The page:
Pastoralists have traditionally responded to the spatial and temporal resource variability in the rangelands mainly through livestock mobility, which enables tracking of unevenly distributed grazing and water resources. Herd mobility facilitates escape from shocks like droughts, conflicts and diseases and enables access to markets and other opportunities outside the pastoral system. Other coping strategies employed by the pastoralists include the selection of livestock for robust traits, keeping large and mixed herds, maintaining flexible stock sizes, livelihood diversification and maintenance of dry-season grazing reserves (Descheemaeker et al. 2016; Silvestri et al. 2012). Unfortunately, most of these mechanisms have been rendered ineffective given the increased environmental variability and pressure on the pastoral production system. In the last two decades, an increasing number of pastoralists have been observed to migrate from rural areas and settle with their herds in Nairobi City (IOM 2015; Njiru 2012), which traditionally served as a dry-season grazing area for the transhumant Maasai herders, having permanent homes but mobile with their herds (Boles et al. 2019).

Generally, as pastoralists migrate and interact with the urban contexts, they are likely to encounter wider markets for their livestock and livestock-related products as well as new opportunities outside their normal ways of life (Ancey et al. 2020; Van Zanten et al. 2016). Some of them are therefore thought to transit out of pastoralism temporarily or permanently to pursue other livelihoods in the city. In this paper, two forms of migration are considered: permanent migration, where herders move, settle and occasionally engage in other economic activities in Nairobi City, and temporary migration, involving transhumants who move to the city to escape drought and return to their homes in Kajiado and Narok Counties as soon as it rains.

Although urban areas are gaining recognition as important refuge areas for the migrating pastoralists, there is limited scientific knowledge on the determinants of these migrations. For instance, related studies by Ancey et al. (2020) in Chad and Burkina Faso and Munishi (2013) in Tanzania examined rural-urban migration of youths from pastoral areas and their integration in towns; Leighton (2013) studied the trends in pastoralist drop-out and urban migration in Mongolia, whereas Roessler et al. (2016) investigated the livestock demand in urban spaces of West Africa with low attention on determinants of permanent and temporary migration of pastoralists in towns. Understanding the underlying causes and implications of such relocations among pastoralists is fundamental in addressing the challenges facing pastoral systems in the urban and peri-urban areas. The present study investigated the factors influencing the migration of pastoralists and their herds into Nairobi City, which is the highest populated area in Kenya with limited space for livestock production. The results are expected to guide decision-making and formulation of policy measures for resilient pastoral production and urban planning.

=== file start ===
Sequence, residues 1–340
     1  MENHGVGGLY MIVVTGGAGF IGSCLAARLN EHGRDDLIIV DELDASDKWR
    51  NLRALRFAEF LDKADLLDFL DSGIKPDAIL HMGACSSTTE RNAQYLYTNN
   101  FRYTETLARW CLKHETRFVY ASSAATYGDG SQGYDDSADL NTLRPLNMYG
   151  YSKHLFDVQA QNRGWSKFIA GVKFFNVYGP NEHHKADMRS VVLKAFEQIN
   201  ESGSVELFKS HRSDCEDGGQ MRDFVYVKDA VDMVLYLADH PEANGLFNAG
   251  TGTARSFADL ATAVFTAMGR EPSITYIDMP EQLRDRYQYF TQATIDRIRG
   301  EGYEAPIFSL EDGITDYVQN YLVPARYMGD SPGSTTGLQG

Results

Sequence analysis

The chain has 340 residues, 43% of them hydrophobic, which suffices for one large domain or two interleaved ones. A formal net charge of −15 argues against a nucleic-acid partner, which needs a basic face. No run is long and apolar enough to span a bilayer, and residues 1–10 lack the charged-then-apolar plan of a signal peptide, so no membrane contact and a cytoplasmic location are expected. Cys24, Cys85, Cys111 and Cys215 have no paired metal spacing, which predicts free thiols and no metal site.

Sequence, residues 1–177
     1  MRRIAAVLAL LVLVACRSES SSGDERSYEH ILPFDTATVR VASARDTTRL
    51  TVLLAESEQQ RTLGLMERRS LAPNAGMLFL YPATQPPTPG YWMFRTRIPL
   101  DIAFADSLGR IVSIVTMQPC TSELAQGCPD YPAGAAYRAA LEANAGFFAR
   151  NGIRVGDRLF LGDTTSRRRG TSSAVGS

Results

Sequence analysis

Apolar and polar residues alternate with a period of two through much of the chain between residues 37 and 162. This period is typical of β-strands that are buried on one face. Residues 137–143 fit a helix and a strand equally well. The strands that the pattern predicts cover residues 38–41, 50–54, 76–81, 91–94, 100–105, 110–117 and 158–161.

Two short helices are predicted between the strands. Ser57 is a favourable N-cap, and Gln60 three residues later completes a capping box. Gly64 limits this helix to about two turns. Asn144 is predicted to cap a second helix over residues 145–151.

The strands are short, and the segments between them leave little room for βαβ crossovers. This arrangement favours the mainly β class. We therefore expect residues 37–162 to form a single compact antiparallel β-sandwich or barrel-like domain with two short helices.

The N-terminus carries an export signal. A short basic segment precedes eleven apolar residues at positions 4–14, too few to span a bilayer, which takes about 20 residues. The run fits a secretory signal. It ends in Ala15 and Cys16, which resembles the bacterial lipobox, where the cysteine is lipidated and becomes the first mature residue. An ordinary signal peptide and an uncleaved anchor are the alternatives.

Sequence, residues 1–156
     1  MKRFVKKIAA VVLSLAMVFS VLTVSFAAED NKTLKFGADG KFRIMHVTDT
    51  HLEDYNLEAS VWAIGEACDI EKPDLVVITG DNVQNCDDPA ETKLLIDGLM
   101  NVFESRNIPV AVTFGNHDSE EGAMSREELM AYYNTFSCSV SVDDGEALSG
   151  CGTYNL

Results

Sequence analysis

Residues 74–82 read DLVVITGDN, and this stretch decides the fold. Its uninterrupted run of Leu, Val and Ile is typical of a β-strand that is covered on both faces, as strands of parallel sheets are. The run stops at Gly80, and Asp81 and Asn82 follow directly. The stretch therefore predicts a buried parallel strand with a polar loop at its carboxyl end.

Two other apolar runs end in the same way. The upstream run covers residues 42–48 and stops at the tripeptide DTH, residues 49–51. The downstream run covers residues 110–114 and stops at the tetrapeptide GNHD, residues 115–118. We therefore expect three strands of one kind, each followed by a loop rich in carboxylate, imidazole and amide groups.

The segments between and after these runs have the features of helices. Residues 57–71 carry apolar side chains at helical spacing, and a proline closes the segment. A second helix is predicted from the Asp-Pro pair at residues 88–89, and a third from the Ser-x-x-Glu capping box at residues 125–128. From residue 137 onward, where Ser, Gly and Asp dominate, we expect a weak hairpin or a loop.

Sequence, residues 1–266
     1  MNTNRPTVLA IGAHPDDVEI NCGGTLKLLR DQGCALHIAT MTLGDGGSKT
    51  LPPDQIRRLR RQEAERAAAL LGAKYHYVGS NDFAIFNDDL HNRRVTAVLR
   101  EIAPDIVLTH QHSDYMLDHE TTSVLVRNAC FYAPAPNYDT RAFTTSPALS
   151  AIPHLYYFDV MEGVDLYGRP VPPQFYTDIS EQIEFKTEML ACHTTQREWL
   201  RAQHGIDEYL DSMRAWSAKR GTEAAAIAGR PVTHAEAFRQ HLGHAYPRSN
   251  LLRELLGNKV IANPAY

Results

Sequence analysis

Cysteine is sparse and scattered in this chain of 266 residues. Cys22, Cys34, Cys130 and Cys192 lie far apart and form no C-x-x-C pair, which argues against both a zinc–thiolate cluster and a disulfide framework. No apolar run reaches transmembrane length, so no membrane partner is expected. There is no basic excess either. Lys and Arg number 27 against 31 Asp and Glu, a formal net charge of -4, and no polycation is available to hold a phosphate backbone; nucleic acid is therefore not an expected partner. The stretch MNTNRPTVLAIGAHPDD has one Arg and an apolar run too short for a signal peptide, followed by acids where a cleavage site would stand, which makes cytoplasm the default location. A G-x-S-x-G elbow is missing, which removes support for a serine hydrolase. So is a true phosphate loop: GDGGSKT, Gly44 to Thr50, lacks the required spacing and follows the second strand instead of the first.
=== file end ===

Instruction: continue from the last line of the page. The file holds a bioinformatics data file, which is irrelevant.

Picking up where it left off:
Materials and methods

Study area

The study was done in Nairobi City County, the administrative and economic capital of Kenya (Fig. 1). Nairobi City County falls between latitude 1° 09′ and 1° 27′ south, between longitude 35° 59′ and 37° 57′ east, and an altitude range of 1600 m to 1850 m above sea level. Although the City covers an area of 703.9km2, its metropolitan area has stretched out to approximately 3000km2 in its neighbouring Counties of Kiambu, Machakos and Kajiado to the north, east and south, respectively (Bekker and Fourchard 2013). Nairobi City County falls within agro-ecological zone III and experiences a typically sub-humid climate, with a bimodal rainfall of between 638 and 899 mm on average annually, and an average temperature between 10 and 29°C (GoK 2014). The long rains occur from March to May, while short rains occur from October to December (Amwata et al., 2015).

Fig. 1
figure 1

The study area

Nairobi City’s population is currently estimated at 4,397,073 people, which accounts for 8% of the nation’s populace (KNBS 2019). It is also one of the fastest-growing and highly urbanized cities in Africa (Ren et al. 2020; RoK 2016). The city was selected as a good representative of many other urban areas experiencing high urbanization, population growth, increased migration and settlement of pastoralists in cities and the emergence of alternative livelihoods besides pastoralism. The city is neighbouring Kajiado and Narok Counties, which are dominated by the Maasai nomadic pastoralist community. Besides, Nairobi City is traditionally a dry-season grazing reserve for the Maasai herders who normally returned home when the wet season sets in (Boles et al. 2019). In fact, the name ‘Nairobi’ is derived from the Maasai words ‘Enkare Nyirobi’, which translates to a place with cool waters (Mwita and Giraut 2020). In the city, pastoralist herders resided in pastoralist bomas (temporary livestock enclosures) and manyattas (permanent settlements) located in Dagoretti, Lang’ata, Embakasi, Kasarani and Westlands Sub-counties of Nairobi. Moreover, Nairobi City has a number of policies and legal frameworks governing rights to use of urban land for connected reasons, among them, the Urban areas and Cities Act, No 13 of 2011 (RoK 2011); the Physical and Land Use Planning Act, No. 13 of 2019 (GoK 2019); and the Nairobi City County Urban Agriculture Promotion and Regulation Act, No. 4 of 2015 (GoK 2015) which promotes inclusion of crop and livestock production in urban farming.

Data collection